What You Can Do About Syria (Not Much and Very Much)

I read today that Americans viewed twelve times as many pages about Miley Cyrus as they did about Syria — even though the news sources published 2.4 Syria articles for every one about Miley. I read that and felt sick to my stomach. Because I wrote one of those Miley Cyrus articles. And because I haven’t figured out how to write about Syria. 

Over the past year as a devoted public radio listener I’ve imbibed something close to forty hours of Syria coverage. I’ve listened with my little girls as the fatality numbers climbed, and I’ve listened sitting on the edges of their beds as they lifted their small voices to God asking, “Please God, stop the war.”

I listened a few weeks ago as doctors described their gassed patients, children among them, fighting and failing to breathe. 

I don’t have an opinion on what America should do in Syria. Who am I—thousands of miles away listening to second hand reporting, one million people down the line in a game of telephone—to have an opinion?

I think we should stand up for the oppressed. I think we should fight evil with good. I think we should prize life. I think violence is never the answer. I think sometimes God will bring justice even through the misguided violence of humans. I think people should learn to cultivate and preserve peace. I think the people in Syria, both sides, deserve our love.

I’ve hesitated to write about Syria because I wanted to offer you an action item, a way to actually make a tangible difference in the conflict. By and large, I’ve decided there’s not much. There’s very little you can do with your able hands and ample pocketbooks about a war across an ocean, a war brewing for centuries, a war over identity and religion, freedom and possession.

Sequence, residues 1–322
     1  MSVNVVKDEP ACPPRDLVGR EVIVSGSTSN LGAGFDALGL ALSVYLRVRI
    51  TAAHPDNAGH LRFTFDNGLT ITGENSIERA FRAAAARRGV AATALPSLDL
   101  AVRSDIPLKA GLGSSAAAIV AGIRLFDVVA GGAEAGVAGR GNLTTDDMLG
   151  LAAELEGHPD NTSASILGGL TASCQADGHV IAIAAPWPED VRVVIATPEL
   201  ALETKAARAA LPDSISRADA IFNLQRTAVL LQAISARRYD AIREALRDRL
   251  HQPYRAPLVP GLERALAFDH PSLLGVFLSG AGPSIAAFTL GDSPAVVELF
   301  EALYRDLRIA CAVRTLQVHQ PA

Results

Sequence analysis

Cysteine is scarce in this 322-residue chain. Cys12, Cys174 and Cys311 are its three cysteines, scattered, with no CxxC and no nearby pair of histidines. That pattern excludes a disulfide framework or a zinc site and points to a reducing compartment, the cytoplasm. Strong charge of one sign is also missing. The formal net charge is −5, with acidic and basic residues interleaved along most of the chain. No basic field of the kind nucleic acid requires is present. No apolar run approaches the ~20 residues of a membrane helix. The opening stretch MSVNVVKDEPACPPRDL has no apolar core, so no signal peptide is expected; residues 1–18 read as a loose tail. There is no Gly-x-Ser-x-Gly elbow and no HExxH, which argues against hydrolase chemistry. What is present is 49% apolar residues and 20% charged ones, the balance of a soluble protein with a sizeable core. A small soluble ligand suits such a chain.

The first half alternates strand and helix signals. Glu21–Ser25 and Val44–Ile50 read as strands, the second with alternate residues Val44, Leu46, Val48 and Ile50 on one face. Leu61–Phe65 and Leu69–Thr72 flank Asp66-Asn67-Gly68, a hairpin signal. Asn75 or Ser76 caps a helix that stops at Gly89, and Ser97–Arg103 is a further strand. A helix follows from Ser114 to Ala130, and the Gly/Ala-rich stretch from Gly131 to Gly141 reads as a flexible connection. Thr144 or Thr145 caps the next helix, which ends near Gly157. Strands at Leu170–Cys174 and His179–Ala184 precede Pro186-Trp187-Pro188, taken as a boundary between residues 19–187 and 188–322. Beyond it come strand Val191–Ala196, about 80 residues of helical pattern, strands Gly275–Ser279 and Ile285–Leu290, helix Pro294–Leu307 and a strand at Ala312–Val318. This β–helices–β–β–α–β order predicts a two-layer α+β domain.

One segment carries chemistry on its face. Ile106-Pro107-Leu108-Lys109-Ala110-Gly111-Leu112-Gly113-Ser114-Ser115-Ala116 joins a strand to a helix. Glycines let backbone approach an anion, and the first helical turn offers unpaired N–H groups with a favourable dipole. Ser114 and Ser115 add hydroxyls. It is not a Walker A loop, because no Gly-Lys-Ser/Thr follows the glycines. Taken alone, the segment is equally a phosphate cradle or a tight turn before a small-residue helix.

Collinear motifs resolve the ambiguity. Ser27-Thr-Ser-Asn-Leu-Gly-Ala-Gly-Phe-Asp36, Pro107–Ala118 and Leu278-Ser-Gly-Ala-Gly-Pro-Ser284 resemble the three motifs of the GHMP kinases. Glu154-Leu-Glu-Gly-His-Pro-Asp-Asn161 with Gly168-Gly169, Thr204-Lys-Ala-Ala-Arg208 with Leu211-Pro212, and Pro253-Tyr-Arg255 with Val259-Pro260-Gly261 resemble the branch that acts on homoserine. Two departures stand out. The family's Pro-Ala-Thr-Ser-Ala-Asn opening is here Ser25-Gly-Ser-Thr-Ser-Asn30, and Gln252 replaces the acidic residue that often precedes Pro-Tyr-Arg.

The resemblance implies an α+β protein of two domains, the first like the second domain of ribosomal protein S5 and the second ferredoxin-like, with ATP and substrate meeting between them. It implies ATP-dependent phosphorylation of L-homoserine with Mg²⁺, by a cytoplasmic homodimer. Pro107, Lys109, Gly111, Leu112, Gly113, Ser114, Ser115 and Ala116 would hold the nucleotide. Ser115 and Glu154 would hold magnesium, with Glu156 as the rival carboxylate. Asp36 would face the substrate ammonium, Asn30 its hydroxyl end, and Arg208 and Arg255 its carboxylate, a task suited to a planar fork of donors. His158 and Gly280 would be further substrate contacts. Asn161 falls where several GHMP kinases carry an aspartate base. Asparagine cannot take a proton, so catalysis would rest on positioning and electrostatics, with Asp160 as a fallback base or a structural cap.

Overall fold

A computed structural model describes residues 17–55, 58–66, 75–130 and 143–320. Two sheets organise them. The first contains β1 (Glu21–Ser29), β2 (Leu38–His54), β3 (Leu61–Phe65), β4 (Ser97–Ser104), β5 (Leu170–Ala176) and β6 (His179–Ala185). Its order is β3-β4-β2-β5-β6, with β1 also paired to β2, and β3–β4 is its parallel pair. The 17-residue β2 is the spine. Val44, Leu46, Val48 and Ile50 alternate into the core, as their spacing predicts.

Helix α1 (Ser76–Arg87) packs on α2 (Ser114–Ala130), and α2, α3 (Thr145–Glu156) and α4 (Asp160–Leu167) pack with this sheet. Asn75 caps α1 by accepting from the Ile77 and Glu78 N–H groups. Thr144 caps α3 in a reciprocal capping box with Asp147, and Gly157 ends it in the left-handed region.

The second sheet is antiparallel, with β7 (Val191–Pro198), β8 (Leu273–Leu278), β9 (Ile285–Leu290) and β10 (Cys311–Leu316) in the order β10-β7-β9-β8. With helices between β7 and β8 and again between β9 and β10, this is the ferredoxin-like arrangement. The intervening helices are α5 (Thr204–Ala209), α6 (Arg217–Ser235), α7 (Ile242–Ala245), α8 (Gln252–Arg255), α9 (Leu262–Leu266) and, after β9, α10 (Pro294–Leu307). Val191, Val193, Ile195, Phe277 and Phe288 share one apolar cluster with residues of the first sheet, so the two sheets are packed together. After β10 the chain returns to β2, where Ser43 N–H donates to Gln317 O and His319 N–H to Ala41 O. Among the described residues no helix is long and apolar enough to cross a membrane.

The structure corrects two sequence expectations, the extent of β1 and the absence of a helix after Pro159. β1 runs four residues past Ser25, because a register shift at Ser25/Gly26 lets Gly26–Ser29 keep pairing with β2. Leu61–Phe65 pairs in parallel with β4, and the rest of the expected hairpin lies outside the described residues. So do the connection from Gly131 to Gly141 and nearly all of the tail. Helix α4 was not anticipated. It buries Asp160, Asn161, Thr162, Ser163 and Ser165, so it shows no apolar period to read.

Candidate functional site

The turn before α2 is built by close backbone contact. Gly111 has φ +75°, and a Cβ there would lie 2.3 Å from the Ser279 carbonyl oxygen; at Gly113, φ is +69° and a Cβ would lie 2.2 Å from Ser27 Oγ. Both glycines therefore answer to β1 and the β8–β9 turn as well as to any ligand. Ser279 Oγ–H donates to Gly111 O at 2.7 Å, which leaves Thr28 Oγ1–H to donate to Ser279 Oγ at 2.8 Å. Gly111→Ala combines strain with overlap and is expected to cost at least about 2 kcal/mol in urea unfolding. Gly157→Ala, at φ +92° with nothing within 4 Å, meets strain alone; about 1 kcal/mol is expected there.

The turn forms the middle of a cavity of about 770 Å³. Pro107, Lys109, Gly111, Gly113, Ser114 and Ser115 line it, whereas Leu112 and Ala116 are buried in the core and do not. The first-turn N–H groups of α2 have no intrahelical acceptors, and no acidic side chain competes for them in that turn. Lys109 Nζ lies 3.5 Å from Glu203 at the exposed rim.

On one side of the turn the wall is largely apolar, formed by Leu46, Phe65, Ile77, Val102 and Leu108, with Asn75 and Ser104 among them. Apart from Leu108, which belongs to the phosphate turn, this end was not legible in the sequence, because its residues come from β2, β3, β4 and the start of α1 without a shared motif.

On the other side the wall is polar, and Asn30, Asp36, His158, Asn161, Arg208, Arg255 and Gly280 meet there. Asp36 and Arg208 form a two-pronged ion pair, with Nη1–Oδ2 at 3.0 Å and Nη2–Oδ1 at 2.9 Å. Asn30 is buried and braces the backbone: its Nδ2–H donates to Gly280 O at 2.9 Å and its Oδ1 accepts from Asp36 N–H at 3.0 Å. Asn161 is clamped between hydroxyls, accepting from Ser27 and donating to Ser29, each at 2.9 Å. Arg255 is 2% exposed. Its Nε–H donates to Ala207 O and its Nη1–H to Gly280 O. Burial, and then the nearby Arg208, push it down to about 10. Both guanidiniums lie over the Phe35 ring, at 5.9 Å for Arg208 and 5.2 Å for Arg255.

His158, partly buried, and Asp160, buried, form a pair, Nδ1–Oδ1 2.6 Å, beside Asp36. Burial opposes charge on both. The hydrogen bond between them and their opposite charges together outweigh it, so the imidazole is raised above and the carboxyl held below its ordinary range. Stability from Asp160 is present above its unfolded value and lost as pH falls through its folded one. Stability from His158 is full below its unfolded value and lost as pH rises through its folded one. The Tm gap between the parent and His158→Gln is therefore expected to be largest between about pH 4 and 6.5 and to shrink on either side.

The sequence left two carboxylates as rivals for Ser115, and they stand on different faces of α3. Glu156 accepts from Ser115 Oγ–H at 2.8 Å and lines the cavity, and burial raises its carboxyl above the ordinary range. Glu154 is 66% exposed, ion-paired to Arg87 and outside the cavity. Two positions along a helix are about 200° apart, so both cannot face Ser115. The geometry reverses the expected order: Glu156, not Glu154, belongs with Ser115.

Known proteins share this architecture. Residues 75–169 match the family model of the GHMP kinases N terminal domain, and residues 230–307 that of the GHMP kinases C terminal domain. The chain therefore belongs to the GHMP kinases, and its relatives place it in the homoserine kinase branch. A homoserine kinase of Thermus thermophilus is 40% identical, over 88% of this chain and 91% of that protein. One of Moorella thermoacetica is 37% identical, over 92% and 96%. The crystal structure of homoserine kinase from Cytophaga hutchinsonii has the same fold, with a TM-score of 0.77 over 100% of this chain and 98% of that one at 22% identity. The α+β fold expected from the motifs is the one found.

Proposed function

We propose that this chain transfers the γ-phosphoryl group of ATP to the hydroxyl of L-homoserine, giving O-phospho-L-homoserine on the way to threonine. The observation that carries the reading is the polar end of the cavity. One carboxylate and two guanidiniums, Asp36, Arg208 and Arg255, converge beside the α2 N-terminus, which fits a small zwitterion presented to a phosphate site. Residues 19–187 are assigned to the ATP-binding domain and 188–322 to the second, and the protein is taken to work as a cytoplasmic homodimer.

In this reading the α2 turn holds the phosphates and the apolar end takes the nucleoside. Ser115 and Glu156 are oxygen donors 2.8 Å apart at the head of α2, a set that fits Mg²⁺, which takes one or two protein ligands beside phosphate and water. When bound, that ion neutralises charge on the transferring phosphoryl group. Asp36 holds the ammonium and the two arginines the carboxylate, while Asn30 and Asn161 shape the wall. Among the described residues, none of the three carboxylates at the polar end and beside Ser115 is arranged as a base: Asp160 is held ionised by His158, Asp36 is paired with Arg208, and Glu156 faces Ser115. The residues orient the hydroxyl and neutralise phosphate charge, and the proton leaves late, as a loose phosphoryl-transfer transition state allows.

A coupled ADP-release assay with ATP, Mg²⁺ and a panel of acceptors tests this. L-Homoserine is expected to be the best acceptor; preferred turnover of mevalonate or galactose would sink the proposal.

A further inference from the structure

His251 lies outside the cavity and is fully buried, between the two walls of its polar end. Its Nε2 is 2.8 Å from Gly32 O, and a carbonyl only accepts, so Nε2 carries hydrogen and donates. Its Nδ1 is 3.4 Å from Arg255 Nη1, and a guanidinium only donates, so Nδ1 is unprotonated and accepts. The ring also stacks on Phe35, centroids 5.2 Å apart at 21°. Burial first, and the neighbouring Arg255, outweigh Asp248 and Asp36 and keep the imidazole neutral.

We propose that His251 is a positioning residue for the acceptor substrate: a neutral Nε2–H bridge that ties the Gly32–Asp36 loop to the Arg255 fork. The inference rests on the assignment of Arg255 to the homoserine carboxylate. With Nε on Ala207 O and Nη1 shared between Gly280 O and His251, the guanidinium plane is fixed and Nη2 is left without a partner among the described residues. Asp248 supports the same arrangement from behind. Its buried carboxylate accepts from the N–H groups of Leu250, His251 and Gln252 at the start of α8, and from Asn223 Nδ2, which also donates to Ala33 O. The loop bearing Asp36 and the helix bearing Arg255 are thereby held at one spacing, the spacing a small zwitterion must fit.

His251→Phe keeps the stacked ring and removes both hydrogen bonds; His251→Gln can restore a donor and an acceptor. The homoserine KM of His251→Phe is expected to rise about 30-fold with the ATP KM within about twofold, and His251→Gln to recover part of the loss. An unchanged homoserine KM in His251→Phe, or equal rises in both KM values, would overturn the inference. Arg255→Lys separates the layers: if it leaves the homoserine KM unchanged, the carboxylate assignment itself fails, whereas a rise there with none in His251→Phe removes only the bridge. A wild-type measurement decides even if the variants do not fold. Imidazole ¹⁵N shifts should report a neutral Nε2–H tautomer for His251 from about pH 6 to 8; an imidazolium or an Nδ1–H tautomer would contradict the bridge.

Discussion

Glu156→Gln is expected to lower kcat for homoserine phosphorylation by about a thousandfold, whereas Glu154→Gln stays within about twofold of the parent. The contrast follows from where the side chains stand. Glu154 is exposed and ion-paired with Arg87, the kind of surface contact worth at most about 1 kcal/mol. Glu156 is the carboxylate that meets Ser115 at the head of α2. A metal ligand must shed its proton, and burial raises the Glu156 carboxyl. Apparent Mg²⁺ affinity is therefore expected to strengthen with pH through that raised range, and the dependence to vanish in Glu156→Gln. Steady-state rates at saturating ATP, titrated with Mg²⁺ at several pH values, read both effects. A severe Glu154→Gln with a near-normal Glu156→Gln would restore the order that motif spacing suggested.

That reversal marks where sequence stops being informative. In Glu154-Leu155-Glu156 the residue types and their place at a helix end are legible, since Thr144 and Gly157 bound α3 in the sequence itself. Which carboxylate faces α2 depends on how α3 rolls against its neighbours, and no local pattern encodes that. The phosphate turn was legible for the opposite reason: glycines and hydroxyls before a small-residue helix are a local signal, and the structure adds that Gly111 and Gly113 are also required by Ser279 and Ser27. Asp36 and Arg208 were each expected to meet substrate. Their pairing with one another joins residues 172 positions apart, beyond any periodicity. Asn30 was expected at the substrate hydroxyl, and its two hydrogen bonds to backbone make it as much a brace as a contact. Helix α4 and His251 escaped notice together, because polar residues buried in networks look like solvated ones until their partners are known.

There’s not a lot you can do. But you know Someone who can do a lot, and you, precious child of His, can (must) ask for help.

I have a post among my drafts, it’s just a title actually: “Why You Should Pray for Syria.” I typed those words months ago but never returned with reasons. Today, may I offer two: Pray for Syria because it’s all you can do. And pray for Syria because it’s a huge thing to do. 

There are times in life when our hands are so tightly bound and our options so dismal that even the most jaded among us turns to prayer. This is one of those times. And while I wish we could all see prayer for the always-working, ever perfect and powerful answer it is, I am thankful for a moment when a world realizes its collective impotence and millions of hands and faces turn upward.

James wrote, “Is anyone among you in trouble? Let them pray.” 

I think we should pray…

Our Father Who is in Heaven,

Hallowed be Your Name.

Your kingdom (of light and love) come

(to the Syrian people, to hearts turned hard, to nations around the world seeking answers).

Your will be done

on earth (in war torn streets and in refugee camps and around tables in situation rooms) as it is in Heaven.

Give us this day our daily bread

(satisfying, faithful provision for the hungry and afraid, peace for the tired, light for one night’s worth of darkness).

And forgive us our trespasses

(American, Russian, Iranian, Rebel and Syrian, Christian and Muslim),

As we forgive those who trespass against us.

Lead us not into temptation (down the road marked Hate and Death),

But deliver us from the evil one (and the drowning floods unleashed by our failures).

In Jesus’ most glorious and powerful name,